Global navigation satellite systems (GNSS) enable widespread access to accurate navigation and timing. These are used, directly or indirectly by almost every sector, from farming and finance, to navigation in cars and planes. A common example of GNSS being used in everyday life is in sat nav (satellite navigation) systems which most people have on their mobile phone devices and cars.

GNSS is made up of three segments:

  1. Space Segment

The space segment is made up of the satellites which orbit the earth and broadcast signals containing the satellite’s time, orbit, and status.

2. Control Segment

The control segment consists of a master control station which adjusts the satellite’s orbits and time to maintain accuracy and monitor stations which collect the relevant information from the satellites to relay to the master station.

3. User Segment (REF-01: Jeffrey, 2010)

The user segment is the equipment which processes signals from the satellites to derive location and time information.

GNSS constellations

GNSS is the term used to describe any satellite system, of which there are multiple. For example: Global Positioning System (GPS) which was launched in the 1970s by the US department of defence,  Galileo operated by the European Union and BeiDou which is Chinese.

RF Bands

Of the different GNSS constellations (eg. GLONASS, Galieo, GPS etc) they each transmit signals at different frequencies. One advantage of multiple frequencies is that receivers can use two different ones to minimize errors created by transmission through the atmosphere (REF-02: Badran, 2022).

The L-band refers to frequencies in the radio spectrum from 1 to 2 GHz (1000-2000 MHz), which is the top of the ultra-high frequency (UHF) spectrum, to the lower of the microwave range. The GPS constellation transmits at three frequencies: L1, L2 and L5 which are within the L-band.

RF BandFrequency 
L11575.42 MHzThis is the original GNSS band. L1 is used for navigation which is done by tracking GPS satellite location from the information provided by the signal (REF-03: Barratt, 2021). L1 is still broadcast by satellites and often used due to the equipment to detect it being cheap and easily available. It is however considered a more legacy RF band, eventually to be phased out in favour of other frequencies.
L21227.60 MHzThe frequency for L2 is lower than that of L1 which permits the signal to pass through obstacles such as cloud cover, trees, and buildings more effectively (REF-04: GIS Resources, 2022). As part of the modernisation of GPS, the L2 band now includes L2C which is a civilian signal offering improved navigation accuracy and an easy-to-track signal. L2C can also act as a redundant signal in case localized interference makes the L1 band unusable (REF-05:, 2020).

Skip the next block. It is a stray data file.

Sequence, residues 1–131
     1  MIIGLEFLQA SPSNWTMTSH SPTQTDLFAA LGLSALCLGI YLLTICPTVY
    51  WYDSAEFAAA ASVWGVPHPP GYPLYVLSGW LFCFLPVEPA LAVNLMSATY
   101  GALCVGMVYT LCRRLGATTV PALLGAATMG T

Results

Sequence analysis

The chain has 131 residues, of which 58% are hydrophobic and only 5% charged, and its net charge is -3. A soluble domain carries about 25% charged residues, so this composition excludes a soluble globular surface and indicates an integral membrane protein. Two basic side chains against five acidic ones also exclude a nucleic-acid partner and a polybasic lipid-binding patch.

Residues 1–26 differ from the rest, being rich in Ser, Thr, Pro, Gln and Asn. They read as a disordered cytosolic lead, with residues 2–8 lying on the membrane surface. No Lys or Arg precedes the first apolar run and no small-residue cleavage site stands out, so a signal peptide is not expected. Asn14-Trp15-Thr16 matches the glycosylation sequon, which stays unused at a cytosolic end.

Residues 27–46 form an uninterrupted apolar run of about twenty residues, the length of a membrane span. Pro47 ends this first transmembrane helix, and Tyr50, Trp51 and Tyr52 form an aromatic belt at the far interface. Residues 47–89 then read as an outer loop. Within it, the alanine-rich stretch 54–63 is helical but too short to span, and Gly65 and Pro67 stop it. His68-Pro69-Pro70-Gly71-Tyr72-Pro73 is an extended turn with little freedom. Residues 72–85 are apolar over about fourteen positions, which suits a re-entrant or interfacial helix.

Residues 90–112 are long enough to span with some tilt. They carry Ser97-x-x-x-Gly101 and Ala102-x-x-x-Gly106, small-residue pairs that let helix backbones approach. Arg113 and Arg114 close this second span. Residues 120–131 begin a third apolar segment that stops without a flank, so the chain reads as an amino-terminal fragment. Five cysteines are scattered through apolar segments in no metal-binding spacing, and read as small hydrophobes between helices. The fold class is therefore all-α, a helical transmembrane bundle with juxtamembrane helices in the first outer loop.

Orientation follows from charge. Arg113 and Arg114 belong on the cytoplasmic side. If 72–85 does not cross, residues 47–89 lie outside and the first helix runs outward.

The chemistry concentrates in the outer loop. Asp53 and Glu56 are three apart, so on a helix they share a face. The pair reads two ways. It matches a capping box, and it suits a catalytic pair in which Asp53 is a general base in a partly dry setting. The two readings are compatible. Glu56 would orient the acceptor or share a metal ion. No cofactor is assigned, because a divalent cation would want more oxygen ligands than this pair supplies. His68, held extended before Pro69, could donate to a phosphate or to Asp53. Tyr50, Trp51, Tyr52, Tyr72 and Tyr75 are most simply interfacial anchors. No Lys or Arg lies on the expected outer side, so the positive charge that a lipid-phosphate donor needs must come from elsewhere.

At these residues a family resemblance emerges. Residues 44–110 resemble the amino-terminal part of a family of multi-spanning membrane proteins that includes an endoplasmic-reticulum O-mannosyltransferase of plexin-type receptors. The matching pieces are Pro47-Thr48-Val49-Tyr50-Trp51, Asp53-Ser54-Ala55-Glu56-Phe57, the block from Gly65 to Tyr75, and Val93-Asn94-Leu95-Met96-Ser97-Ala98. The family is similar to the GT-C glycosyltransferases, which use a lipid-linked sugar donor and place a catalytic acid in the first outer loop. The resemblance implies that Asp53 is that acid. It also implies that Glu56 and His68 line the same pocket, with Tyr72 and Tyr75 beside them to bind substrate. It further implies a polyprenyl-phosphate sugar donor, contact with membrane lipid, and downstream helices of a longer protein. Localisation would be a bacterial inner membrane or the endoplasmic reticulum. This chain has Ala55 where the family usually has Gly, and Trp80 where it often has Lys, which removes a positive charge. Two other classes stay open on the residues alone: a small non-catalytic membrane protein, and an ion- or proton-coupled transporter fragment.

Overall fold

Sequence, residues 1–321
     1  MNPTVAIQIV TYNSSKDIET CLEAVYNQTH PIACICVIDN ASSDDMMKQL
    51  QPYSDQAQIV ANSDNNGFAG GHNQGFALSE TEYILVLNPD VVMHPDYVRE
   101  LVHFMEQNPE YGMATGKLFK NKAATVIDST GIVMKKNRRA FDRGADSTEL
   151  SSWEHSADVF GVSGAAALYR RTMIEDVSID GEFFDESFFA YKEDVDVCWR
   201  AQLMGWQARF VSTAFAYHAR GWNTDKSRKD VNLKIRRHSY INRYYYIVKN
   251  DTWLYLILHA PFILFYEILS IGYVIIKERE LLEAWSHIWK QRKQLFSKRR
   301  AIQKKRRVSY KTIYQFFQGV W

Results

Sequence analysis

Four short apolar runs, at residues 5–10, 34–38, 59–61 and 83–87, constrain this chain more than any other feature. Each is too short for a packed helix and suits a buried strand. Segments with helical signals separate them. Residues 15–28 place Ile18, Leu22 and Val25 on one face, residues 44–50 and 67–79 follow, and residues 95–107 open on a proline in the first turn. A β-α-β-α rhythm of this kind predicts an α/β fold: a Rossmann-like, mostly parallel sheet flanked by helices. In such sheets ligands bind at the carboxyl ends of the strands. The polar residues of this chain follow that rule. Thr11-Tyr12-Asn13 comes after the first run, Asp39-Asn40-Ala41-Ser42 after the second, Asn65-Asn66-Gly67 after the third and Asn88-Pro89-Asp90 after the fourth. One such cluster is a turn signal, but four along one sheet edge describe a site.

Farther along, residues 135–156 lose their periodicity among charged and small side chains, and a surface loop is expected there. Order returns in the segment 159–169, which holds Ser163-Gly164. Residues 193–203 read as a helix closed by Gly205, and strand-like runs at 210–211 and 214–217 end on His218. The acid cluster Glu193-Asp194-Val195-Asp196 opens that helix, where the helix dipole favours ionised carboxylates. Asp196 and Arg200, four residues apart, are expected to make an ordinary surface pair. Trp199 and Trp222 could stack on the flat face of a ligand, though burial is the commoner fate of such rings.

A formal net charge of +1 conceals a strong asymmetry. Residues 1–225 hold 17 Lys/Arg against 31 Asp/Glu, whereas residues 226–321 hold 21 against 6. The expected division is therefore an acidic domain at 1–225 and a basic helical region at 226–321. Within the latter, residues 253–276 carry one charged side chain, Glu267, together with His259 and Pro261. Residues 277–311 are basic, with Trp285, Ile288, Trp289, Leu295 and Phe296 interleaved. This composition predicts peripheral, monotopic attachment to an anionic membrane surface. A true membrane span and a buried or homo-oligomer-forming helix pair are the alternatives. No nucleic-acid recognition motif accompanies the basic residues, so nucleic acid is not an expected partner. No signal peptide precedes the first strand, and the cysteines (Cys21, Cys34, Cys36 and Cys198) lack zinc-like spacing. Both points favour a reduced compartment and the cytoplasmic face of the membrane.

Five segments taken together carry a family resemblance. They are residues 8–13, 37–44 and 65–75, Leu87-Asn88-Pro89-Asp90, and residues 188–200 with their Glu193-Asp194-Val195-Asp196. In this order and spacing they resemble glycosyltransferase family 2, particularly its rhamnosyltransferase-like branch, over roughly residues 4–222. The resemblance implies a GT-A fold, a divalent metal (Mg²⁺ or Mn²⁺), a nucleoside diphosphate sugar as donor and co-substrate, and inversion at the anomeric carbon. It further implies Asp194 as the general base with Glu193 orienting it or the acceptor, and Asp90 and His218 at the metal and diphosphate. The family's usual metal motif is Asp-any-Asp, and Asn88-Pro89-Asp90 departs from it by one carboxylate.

L51176.45 MHzThe L5 RF band has higher transmission power and enhanced signal architecture compared to other GPS signals and was introduced to improve current performance. The signal is projected to provide a high gain in processing, in part due to its bandwidth. It’s practical use is to improve accuracy for civilian use such as aircraft precision approach guidance (REF-01: Jeffrey, 2010).

The three signals transmitted by GPS satellites, as well as those available from different constellations are shown in Figure 1.

Figure 1 (Jeffrey, 2010)

GNSS Jamming

Receivers can be denied from detecting signals from a GNSS satellite due to interference. Signals can also be blocked by non-intentional activity, called interference.

If the cause of the blocked signal is intentional, it is termed jamming, and jammers are the devices which achieve this. Because GNSS operates at low power it makes interference relatively easy. If a jamming signal is projected at the same frequency and a higher power, the GNSS signal cannot be detected so the information contained within it cannot be transferred or collected (REF-06: McCrystal 2018).

Another type of intentional interference is spoofing, where a signal mimics a GNSS satellite signal is broadcast at power higher than the actual signal. This causes the receiver to report an incorrect position.


REF-01Jeffrey, C. (2010)An introduction to GNSS : GPS, GLONASS, Galileo and other Global Navigation Satellite Systems. Calgary: Novatel.Available at:
REF-02Badran, B. (2022)Navigating the L1, L2 and L5 Band Options for GNSS. [online] at: [Accessed 28 Jun. 2023]  
REF-03Barratt, K. (2021)Explaining the Different Types of GPS Signals: L1 C/A & L1C – GTT Wireless. [online] GTT Wireless.Available at: [Accessed 28 Jun. 2023]  
REF-04GIS Resources (2022)Everything You Need To Know About GPS L1, L2, and L5 Frequencies. [online] GIS Resources.Available at: [Accessed 28 Jun. 2023] (2020) New Civil Signals. [online] at:  
REF-06McCrystal S. (2018)Detecting and Defeating GPS Jamming. The Maritime Executive; 2018.Available from: